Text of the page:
A city council public hearing Tuesday on the fate of the former Boulder Community Health hospital site and surrounding area played out in almost the exact opposite fashion as the initial meeting on the topic late last month.

Boulder residents turned out in force at Tuesday’s meeting, which also included Planning Board members, in hopes of swinging officials’ support back to a denser housing plan with a high number of affordable units for the so-called Alpine-Balsam site and adjacent areas.

“The Newlands neighborhood I’ve lived in (for 41 years) used to be ranch and bungalow-type homes, but over the years, many have been scraped off and turned into large, expensive ones,” Tim Eaton said. “It seems like much of the economic diversity has been lost, and that’s true of Boulder as a whole. … I support staff’s plan for 210 to 260 units at Alpine-Balsam. I know some neighbors are concerned they might lose some views or have to wait in line for coffee longer, but I ask you put yourselves in the shoes of the people who could be our new neighbors, the nurses, teachers, service workers who would like to live in Boulder near their jobs.”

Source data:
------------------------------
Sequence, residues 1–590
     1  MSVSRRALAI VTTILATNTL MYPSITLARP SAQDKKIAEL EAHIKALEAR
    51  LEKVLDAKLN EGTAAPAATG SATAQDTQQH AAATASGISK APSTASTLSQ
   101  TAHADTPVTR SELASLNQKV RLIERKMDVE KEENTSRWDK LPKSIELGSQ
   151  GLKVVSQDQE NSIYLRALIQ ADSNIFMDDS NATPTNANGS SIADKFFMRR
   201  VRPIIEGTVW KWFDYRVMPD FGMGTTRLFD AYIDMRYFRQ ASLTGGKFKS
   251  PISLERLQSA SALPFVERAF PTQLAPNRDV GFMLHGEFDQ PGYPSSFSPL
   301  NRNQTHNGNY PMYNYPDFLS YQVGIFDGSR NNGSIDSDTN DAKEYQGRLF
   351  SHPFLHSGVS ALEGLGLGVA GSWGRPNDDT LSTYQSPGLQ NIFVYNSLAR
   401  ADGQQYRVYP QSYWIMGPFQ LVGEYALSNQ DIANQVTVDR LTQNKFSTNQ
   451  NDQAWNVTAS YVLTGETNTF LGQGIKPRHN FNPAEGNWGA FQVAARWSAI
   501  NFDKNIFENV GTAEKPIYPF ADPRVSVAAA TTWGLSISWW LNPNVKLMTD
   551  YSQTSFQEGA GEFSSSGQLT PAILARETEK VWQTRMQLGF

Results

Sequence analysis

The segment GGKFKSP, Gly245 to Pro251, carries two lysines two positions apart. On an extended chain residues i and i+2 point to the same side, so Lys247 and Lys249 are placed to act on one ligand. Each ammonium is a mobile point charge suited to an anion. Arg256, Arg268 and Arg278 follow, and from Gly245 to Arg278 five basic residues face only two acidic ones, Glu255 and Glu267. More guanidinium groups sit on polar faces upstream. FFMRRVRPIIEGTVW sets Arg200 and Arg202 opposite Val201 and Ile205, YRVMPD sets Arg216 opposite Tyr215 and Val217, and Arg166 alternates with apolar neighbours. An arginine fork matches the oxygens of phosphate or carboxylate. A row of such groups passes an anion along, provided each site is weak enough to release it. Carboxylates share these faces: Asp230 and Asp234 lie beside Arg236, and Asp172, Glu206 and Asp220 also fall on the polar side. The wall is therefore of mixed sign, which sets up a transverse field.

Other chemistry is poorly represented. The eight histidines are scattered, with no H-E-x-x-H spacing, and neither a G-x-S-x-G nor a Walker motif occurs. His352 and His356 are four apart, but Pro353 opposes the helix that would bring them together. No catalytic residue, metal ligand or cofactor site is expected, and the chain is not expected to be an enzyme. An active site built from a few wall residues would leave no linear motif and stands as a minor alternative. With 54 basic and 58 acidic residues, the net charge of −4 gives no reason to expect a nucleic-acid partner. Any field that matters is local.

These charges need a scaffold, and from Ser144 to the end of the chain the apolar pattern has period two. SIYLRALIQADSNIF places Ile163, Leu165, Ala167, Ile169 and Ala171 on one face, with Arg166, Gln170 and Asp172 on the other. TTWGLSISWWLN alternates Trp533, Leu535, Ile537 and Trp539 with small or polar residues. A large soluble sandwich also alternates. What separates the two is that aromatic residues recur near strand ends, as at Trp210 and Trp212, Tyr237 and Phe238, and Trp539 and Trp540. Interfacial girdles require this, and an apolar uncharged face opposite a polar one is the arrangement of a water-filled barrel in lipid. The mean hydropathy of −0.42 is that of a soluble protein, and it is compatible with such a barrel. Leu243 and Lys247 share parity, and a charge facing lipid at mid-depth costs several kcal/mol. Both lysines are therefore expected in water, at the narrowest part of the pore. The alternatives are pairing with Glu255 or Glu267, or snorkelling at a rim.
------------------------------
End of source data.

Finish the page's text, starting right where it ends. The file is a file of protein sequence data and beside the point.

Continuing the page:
More than a dozen similar quotes starkly contrasted a late August public hearing, when a vast majority of comments also came from residents of the neighborhoods near the 8.8-acre hospital site Boulder purchased for $40 million in 2015. That group angrily and fearfully begged council to abandon plans for land use changes that would have allowed multi-family and mixed-use structures as the 70-acre swath surrounding the hospital is redeveloped over the coming decades, and asked for less-dense housing on the city-owned site.

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